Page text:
• Get up early to pray before you start your day
  • Listen to Christian music or podcasts
  • Practice Lectio Divina, prayerful reading of Scripture
  • Pray the Divine Mercy Chaplet
  • Choose one person each day to pray for intentionally
  • Visit a cemetery and pray for souls in purgatory

“Through fasting and praying, we allow Him to come and satisfy the deepest hunger that we experience in the depths of our being: the hunger and thirst for God”

– Pope Emeritus Benedict XVI

“Fasting detaches you from this world. Prayer reattaches you to the next world”

– Venerable Fulton Sheen


Fasting is built upon prayer as it is not so much the removal of certain things, but the giving of increased space in our lives to God. When we give up something, we do not just create a void, but we invite God into the space that another thing held. To fast from sweets is to choose God as our sweetness instead; to fast from social media is to seek God’s affirmation and companionship in the place of others; to give up unnecessary spending is to make space in our lives for the needs of the poor in place of our own. Fasting allows us to feel our own weaknesses and to invite God to be our strength and our source of joy and fulfillment.

In the Church’s tradition, within the season of Lent, there are specific days when the Church calls us to fast. These days are Ash Wednesday and Good Friday. Technically, a day of fasting consists of eating one regular sized meal and two smaller meals that together would not make a full sized meal. There is another fasting tradition, known as abstinence, which refers to abstaining from meat during certain days during Lent (usually, Fridays, Ash Wednesday, and Good Friday). Please note that those with medical or mental health conditions are exempt from fasting and abstinence, and are encouraged to find other ways to enter into this season (see suggestions below).

Suggestions for Fasting

Please note that fasting should not be undertaken when medical or mental health conditions pose a risk. This includes illnesses, medical procedures, eating disorders, extreme scrupulosity, etc.

  • Get out of bed on the first alarm.
  • Increased exercise
  • Take cold showers
  • Get a full 8 hours of sleep/have an early bedtime.
  • Less or no screen time in the evening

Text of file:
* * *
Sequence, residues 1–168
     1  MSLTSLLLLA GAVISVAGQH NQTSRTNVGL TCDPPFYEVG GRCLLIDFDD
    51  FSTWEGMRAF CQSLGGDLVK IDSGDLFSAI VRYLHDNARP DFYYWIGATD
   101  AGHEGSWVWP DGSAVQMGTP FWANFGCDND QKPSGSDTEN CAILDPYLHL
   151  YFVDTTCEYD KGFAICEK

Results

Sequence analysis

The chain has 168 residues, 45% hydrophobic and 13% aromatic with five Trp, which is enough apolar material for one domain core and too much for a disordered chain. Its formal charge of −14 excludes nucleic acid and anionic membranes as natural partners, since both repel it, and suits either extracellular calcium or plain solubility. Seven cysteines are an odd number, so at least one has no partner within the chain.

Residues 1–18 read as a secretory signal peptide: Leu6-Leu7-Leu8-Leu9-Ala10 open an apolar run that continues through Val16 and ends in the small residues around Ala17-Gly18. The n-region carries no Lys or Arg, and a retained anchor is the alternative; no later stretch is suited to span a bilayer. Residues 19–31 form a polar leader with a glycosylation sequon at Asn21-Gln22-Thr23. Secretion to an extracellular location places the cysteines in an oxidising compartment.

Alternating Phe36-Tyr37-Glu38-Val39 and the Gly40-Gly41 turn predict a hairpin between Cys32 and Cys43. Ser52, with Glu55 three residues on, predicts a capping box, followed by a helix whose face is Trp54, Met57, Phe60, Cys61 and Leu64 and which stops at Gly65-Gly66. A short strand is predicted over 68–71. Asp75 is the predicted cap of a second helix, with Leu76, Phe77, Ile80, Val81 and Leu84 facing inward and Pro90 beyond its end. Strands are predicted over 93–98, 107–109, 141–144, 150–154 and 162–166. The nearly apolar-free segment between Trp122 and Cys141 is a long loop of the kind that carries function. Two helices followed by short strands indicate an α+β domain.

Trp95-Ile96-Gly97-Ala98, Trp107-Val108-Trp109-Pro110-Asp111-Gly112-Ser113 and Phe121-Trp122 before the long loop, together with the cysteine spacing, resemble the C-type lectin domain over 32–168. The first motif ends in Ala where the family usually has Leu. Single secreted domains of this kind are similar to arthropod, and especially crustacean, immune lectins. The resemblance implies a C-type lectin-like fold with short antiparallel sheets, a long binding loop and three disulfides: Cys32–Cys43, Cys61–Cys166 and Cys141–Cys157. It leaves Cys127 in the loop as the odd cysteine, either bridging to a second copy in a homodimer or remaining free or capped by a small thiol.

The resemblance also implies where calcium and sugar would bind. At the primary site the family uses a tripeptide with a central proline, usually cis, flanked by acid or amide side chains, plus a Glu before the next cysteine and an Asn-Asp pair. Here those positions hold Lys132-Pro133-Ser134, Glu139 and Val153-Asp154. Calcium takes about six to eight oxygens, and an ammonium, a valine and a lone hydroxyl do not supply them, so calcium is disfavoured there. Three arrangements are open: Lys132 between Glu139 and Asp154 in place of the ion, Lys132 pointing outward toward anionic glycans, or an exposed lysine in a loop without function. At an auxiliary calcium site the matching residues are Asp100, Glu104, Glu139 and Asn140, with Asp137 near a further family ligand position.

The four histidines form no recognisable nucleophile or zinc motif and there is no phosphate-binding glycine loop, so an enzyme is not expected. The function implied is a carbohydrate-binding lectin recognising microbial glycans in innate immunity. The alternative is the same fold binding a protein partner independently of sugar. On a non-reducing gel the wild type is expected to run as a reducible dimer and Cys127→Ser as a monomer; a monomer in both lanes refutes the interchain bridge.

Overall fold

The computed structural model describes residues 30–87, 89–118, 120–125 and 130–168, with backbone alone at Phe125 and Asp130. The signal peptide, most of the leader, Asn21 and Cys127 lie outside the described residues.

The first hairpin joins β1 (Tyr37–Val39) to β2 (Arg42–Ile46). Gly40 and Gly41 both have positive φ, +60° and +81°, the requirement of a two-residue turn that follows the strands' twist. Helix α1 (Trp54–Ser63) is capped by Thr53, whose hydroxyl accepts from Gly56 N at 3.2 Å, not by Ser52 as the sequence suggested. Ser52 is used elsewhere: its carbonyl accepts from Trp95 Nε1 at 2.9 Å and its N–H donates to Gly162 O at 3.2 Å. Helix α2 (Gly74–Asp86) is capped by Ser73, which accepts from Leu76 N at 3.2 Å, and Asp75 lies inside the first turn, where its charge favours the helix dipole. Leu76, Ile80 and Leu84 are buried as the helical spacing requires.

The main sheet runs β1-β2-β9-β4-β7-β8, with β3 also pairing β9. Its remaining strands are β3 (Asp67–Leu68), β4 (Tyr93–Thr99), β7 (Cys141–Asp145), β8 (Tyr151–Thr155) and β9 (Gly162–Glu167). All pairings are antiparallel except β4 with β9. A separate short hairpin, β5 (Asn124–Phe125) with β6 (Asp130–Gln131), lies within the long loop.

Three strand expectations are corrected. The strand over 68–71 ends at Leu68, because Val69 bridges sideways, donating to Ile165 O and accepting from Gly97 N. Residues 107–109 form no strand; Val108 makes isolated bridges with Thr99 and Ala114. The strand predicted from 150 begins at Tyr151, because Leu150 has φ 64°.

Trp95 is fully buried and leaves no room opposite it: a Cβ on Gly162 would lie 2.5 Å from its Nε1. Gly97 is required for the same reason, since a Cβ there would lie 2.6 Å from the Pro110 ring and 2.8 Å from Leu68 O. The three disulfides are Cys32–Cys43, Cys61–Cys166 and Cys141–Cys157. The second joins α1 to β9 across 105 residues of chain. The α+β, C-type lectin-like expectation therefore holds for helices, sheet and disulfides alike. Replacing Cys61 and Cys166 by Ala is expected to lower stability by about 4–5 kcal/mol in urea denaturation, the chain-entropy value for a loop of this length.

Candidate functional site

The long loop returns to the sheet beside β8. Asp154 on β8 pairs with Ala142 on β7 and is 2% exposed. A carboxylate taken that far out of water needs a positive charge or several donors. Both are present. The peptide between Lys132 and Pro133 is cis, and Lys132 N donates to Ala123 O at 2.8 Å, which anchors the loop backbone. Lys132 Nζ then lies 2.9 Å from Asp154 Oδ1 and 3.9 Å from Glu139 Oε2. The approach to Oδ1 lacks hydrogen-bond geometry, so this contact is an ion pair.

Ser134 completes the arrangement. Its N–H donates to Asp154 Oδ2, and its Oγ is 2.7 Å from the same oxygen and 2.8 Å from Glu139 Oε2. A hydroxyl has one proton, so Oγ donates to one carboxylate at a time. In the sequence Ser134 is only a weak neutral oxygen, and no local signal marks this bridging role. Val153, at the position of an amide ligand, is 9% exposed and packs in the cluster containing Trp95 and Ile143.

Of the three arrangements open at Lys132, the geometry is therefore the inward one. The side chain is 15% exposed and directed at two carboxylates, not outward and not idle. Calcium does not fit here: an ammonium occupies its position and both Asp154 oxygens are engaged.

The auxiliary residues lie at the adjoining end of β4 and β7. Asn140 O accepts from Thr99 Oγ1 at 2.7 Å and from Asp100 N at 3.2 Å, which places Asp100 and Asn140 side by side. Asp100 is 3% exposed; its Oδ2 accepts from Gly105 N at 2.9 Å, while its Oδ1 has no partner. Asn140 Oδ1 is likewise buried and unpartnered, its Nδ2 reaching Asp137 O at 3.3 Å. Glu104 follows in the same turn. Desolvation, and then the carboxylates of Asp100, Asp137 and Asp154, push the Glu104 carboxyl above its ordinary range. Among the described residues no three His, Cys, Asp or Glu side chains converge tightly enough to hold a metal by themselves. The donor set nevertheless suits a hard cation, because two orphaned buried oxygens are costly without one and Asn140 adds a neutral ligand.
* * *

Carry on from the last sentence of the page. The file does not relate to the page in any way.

• Reduced or no social media
  • No sweets or dessert
  • No seconds for meals
  • Do not add extra salt/seasoning to food
  • No snacking
  • No sweet drinks
  • No unnecessary purchases
  • No junk food or fast food
  • No coffee, or no adding cream or sugar
  • No Netflix or streaming services
  • No listening to music, either totally or on certain day

“Let us touch the dying, the poor, the lonely and the unwanted according to the graces we have received and let us not be ashamed or slow to do the humble work.”

– St. Mother Teresa

“Jesus answered, ‘If you want to be perfect go, sell your possessions and give to the poor, and you will have treasure in heaven. Then come, follow me.”

– Matthew 19:21


Through prayer we are given the eyes to see Christ in the poor, and through fasting we enter into solidarity with the poor, feeling their need and seeking through compassion and empathy to meet their needs. Almsgiving invites us to look with greater clarity and gratitude at the gifts and blessings that we have received. It’s an opportunity to put others’ needs before our own. To give alms is to give from the blessings that were given to us, making us both recipients and givers, for all gifts come from and return to God, the source of every good thing. As St. Paul reminds us, “What do you have that you did not receive?” (1 Cor 4:7).

Suggestions for Almsgiving

Consider 3 ways to give alms: giving of your time (e.g. volunteering, outreach to the poor), talent (using your talents for a good cause), treasure (donating financially).

  • Homeless Ministry each Friday
  • Mission Trip
  • Elderly Ministry
  • Volunteer with St.Thomas Aquinas Youth Ministry (Contact: Reed Goloumb, [email protected])
  • Volunteer with Religious Education (Contact Caroline Golomb, [email protected])
  • Donate money to the poor; use the Poor Box at St. Thomas Aquinas
  • Call your family and be fully present with them
  • Give someone a compliment every day
  • Almsgiving Drive: Consider giving up a cup of coffee/week to give back to Catholic Hoos
  • Buy someone a meal each week or prepare one for them
  • Each day, write an affirmation note to someone
  • Go out of your way to be present to a friend who’s struggling
  • Donate supplies to a local homeless shelter
  • Give blood
  • Walk with a friend who is struggling with their faith, bring them to Mass/Church, or share resources you found helpful